Wednesday, February 7, 2007

What about Democrats and that surge? (No, the one out West, silly)

This recent article has been making the e-mail rounds amongst discouraged Republicans. Stuart Rothenburg of The Rothenburg Political Report and Roll Call decided to take a look at the ecstatic buzz coming from the Democratic Party about their prospects in the West.

His final judgment is that Democrats are taking an ordinary occurrence and painting it as a political sea-change. He's right of course.

His figures are even more compelling than Montana Headlines would have guessed off-the-cuff. Rothenburg:

First, a bit of history. Democratic candidates have done pretty well in the Mountain West in the past couple of election cycles, but that's nothing new. Democrats have had significant successes in the region for many years, so portraying recent results as some sort of breakthrough is flat-out wrong.

And again:

I went back to 1980 and found that Democrats won five of the past seven gubernatorial elections in Colorado and Wyoming (yes, that's right, Wyoming), four of the past seven in both New Mexico and Nevada and three of the past seven in Montana and Arizona.

In attempting to drive home the point of a realignment, one journalist noted, "In 2000, all eight mountain states had Republican governors; now five governors are Democrats." But why use 2000 as the baseline? In 1984, seven of the eight states had Democratic governors. Using 1984 as the baseline, you could even say the region is moving toward the GOP!

Montana gets a reference:

Forget about that history. If you think Democrats' ability to knock off a politically damaged Republican in the worst Republican environment in 30 years tells you something about a state's or region's political trend, you are free to. Of course, you would be terribly wrong.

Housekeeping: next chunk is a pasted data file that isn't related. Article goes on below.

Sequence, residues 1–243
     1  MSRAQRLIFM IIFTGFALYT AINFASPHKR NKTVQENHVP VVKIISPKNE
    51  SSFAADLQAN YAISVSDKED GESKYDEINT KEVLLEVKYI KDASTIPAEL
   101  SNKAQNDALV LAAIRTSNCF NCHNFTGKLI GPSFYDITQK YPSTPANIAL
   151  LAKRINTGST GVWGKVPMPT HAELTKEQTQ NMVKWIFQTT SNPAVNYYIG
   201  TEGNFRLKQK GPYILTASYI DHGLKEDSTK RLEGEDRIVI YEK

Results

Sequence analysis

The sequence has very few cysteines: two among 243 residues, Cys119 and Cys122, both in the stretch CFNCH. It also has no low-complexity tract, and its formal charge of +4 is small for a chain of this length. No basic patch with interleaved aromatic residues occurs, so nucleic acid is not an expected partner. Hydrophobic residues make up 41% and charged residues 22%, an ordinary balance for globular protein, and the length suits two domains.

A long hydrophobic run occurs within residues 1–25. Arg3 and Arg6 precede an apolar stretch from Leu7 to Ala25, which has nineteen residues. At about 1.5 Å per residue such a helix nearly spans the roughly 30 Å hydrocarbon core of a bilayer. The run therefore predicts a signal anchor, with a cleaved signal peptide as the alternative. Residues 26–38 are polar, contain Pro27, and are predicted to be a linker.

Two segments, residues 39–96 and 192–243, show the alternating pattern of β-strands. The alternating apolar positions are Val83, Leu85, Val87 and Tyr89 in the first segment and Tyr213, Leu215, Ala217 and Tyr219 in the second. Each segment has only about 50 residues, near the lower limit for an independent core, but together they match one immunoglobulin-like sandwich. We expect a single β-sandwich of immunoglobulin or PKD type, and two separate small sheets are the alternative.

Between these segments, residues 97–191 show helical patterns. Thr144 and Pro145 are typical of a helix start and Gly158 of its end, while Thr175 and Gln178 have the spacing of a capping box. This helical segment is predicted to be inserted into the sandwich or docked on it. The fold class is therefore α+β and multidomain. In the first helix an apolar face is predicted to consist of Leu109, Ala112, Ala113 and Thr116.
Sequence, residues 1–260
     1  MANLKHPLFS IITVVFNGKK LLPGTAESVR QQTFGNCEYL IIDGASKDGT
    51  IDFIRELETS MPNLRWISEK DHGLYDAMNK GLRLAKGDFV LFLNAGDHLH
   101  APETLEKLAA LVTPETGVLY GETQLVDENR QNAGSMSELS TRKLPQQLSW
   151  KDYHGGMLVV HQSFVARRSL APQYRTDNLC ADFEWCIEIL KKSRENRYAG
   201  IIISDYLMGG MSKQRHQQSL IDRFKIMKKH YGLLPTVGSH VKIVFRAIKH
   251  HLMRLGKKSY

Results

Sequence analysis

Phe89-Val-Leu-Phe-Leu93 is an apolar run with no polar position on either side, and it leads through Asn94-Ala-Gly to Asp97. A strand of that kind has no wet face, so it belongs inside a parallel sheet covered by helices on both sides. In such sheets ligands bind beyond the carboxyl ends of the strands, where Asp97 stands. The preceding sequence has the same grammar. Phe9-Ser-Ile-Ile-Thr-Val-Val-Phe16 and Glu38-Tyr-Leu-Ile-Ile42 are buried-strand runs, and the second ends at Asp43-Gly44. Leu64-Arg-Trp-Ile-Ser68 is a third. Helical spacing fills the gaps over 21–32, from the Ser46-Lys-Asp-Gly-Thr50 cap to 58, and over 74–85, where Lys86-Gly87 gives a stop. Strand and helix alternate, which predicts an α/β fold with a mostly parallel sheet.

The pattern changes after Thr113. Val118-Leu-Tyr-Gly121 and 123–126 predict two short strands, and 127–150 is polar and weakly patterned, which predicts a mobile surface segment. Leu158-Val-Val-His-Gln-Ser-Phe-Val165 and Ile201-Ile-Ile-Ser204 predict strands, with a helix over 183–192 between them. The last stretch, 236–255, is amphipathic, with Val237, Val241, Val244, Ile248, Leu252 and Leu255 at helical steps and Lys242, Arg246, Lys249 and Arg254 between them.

And as for the state legislatures:

No chambers in the region switched control, however, except the Montana House, which went from a 50-50 tie to a one-seat GOP majority. Again, if there was a Democratic surge in 2006, you'll have to look under the rug to find it.

And on it goes. His bottom line is that the intermountain West has never been a reliable bastion of Republican voting. True, the bloc of Utah, Idaho, and Wyoming is pretty much counted on in Presidential elections, but as for hard-core partisan support? As much as Republicans would like to forget Frank Church or that string of Democratic governors in Idaho, they're still there.

As expressed before, it is the belief of Montana Headlines that the Democrat surge is real, and that Republicans need to pay attention to fundamentals and long-term strategy if they don't want to get swept away.

Rothenburg is right that Democrats have a history of doing well in the West. This is particularly true when Democrats put up sharp candidates against dull ones from the Republicans.

But that should make us even more worried, since that past history of Democrat success took place in a demographic climate far more favorable than the one that is developing. As The Economist recently detailed (the print edition has the more peppery title of "Dreams of Californication"), there have been two migrations of Californians into the intermountain West. The first was one that was pretty conservative -- mostly southern Californians fleeing what used to be Reagan country for what still was Reagan country.

The newer migration has a lot more northern Californians and is more liberal. As the Democratic mayor of Salt Lake City candidly said in that article, he wouldn't have been elected without them.

So, Rothenburg can crunch the numbers all he likes, but the times, they really are "a changin'."

Republicans who don't adjust are going to be in for a rude awakening if they think that they can win with the same old playbook. This doesn't mean giving up conservative principles and becoming "moderate" -- that would be a formula for disaster in a region that hates wishy-washy politicians.

It does mean learning new ways to articulate those principles. It means realizing that they once again have to convince the electorate that the traditional conservative way, for all its flaws, does the least injury to the people as they go about their lives, pursuing happiness in conditions of liberty.

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